Copyright 2002 by Leonard G. Barton - rights released for noncommercial use.
Click Here for Part 1
The Sliding Bottom Ledger
To hold the sliding bottom we need to add a ledger to the outer side extensions that hang below the bottom. This
ledger also serves as a vent. Cut strips of courrugated polyethethlyne about 1/2 inch wide across the grain of the
Using 9/16 staples and a backing block of end grain, staple the strips at the bottom edge on the inside
face of the side extensions. As the staples are inserted, pull the block away and clinch the staple ends with a light hammer, backing the
edge with a block of wood.
The Sliding Bottom
You will need to use the bottom only part of the year. One of my correspondents reported that in his hives (located in
Denmark) that best results were obtained by keeping the bottom open fo maximum ventilation during the cold, damp season and using
the bottom during the early spring (when early brood is being raised).
Cut strip of poly that is an inch or two longer than the hive and slightly wider than the inside width of the extended
side at the upper edge of the ledger (this can be pieced together from smaller material using clinched staples).
The bottom should be wide enough to force the side extensions outward a small amount, but not so wide that it is lifted
off of the ledgers. The bottom may now be inserted.
Note that the sliding bottom fits loosly against the ledger on the side extensions and the corrugations are oriented so
that there is a ventilation on each side.
Filling a Gap
If there is a space between the front face and the bottom board you must add shims to fill the gap. Shims may be
added at the front edge of the bottom (the bottom must then be pulled from the front) or at the bottom of the front
face. This is so that bees cannot enter the space between the bottom and the mite screen. If there is an gap here
some of the returning bees will enter and become lost and confused.
The Hanging Grid
This gives extra bees a place to "hang out". It also restricts the vertical depth of the comb - comb built too deep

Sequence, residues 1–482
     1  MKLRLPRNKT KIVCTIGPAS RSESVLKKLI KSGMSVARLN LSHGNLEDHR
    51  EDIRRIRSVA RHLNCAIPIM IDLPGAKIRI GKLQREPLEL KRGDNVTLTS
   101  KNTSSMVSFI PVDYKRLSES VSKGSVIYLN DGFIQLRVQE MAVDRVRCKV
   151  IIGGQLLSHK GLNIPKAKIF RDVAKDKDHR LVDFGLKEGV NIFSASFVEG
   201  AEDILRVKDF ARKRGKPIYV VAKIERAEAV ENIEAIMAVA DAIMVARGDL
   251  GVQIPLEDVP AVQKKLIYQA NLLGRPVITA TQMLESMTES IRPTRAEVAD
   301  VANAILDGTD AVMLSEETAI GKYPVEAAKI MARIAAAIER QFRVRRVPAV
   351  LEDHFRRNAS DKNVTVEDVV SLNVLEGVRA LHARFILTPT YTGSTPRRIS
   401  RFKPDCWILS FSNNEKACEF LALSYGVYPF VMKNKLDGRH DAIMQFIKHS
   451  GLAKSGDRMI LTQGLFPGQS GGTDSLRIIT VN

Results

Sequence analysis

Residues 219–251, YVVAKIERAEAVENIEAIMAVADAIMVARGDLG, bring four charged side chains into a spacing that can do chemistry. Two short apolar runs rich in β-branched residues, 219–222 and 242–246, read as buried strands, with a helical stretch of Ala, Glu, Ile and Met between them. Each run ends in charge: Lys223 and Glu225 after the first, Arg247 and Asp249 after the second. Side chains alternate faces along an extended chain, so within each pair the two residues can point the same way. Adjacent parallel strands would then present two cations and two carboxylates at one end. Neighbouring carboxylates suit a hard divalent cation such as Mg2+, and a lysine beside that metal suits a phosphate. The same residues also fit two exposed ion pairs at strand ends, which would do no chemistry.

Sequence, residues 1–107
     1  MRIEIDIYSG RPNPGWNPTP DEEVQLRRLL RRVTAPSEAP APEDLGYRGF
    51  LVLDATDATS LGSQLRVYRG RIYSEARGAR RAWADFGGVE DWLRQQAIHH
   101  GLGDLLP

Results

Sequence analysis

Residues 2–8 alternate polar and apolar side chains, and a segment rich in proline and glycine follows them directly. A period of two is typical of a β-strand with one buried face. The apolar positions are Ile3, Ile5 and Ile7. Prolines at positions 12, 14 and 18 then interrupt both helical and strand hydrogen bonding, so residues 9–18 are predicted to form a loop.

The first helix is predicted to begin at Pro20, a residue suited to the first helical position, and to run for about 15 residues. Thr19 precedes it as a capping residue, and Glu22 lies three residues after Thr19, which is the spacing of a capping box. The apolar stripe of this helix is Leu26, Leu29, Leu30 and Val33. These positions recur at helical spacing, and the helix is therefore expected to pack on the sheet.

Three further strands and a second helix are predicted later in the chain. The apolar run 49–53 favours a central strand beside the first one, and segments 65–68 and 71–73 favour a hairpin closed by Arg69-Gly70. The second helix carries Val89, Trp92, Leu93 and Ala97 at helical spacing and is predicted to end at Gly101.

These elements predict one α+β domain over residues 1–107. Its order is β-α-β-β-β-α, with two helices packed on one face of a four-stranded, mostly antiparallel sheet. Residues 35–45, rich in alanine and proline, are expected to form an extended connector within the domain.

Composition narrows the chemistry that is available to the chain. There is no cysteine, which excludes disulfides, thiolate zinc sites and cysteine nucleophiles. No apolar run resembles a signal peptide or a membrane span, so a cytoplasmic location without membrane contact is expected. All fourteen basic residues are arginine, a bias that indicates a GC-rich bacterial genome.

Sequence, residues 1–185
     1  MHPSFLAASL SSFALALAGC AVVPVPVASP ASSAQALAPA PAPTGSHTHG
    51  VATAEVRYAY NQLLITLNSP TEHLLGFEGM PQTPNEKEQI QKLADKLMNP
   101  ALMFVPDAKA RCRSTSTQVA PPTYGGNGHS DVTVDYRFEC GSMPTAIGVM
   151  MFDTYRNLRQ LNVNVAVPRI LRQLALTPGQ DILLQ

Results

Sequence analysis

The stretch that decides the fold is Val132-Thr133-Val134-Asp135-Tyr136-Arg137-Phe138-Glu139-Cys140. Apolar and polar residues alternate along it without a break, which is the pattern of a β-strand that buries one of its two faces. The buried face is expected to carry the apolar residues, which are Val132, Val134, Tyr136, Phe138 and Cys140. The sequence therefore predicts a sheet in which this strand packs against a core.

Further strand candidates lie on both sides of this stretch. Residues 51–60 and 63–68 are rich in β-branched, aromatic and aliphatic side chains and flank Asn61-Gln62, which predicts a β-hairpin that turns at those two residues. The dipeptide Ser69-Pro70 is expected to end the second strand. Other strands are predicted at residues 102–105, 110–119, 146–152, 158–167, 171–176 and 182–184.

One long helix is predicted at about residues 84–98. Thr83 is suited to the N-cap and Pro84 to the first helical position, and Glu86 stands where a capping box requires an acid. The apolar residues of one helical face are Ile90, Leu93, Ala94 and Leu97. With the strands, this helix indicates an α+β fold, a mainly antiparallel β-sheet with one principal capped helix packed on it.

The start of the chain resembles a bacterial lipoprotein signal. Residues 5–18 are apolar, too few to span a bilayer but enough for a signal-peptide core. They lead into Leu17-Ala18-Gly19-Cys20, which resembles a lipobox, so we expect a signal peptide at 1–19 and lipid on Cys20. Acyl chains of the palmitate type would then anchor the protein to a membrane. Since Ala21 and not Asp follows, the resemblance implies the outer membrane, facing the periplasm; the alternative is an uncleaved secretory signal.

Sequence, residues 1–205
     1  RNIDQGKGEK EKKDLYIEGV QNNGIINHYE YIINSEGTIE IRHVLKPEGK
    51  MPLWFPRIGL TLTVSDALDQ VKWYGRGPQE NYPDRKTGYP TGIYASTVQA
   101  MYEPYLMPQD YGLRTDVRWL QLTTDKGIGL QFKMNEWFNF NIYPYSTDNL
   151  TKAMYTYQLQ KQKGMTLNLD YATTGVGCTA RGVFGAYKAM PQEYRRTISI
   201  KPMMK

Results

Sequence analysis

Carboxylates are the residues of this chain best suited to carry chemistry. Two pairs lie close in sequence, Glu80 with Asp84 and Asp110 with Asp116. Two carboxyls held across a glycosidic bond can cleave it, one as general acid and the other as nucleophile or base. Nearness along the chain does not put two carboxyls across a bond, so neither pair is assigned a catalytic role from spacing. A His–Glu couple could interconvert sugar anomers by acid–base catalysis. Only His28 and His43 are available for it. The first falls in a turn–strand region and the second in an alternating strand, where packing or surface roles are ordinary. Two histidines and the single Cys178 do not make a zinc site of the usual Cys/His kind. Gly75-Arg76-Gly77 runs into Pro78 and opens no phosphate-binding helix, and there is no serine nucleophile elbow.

can tear when handled or if the hive is overheated. If the hanging grid was made continuously it would be difficult
to remove without removing many bars so it is cut into shorter sections.
The material is styrene lighting diffuser grid. The grid material is thinner on one side (placed downward)
when used as a light diffuser. We use it turned over so that the small surface is upward to give the mites
an even smaller landing place.
Determine the exact width by cutting a cardboard template so that it spans the interior
about 3 inches above the bottom screen.
Measure the width of the template.
Set up the saw to cut at the side angle (here it is 22.5 degrees) and cut the material.
The grid material should be cut so that no part of the longitudinal grid elements touch
the sides - there must be a free fall for any mites tumbling down the sides.
Trial fit the first piece.
The bees may cement this in place with propalis where it contacts the sides and each point
of contact is a place that might stop a tumbling mite. Only a few contact points are needed
to locate the grid, so Reduce the number of protrusions by scoring with a knife and snapping them off.
(My bees propalized wooden bars in a wooden hive but have not yet done this with the plastic bars
The Movable End Wall This does not have to reach all the way to the bottom as it
serves only to trap heat in the upper part of the hive. It should extend almost
to the hanging frame. If additional bees from a swarm or package are to be introduced
you can place a newspaper over the hanging grids behind the partition. A few short
slits cut with a razor will allow the bees to start chewing this open. By the time that
the bees can move through the opened space they will have taken on the common oder
of the hive and will not be percieved as invaders.
Cut two pieces of material as shown and prepare a bar 24 inches long, 2 inches wide and about 1/2 inch thick.
Staple these together, but not at the very top.
Crease and fold the top parts in opposite directions.
Cut one of the folds down to one corrugation. Use this cut line to align to one edge of the bar.
Staple these folds to the bar. This short space goes toward the front of the hive.
The bar was thined down after these pictures were taken. Only a thin lath is needed.
Fanning Area Face
Cut a piece of corrugated polyethylene or other durable material to fit over the fanning rim. Leave about 1/2 inch of space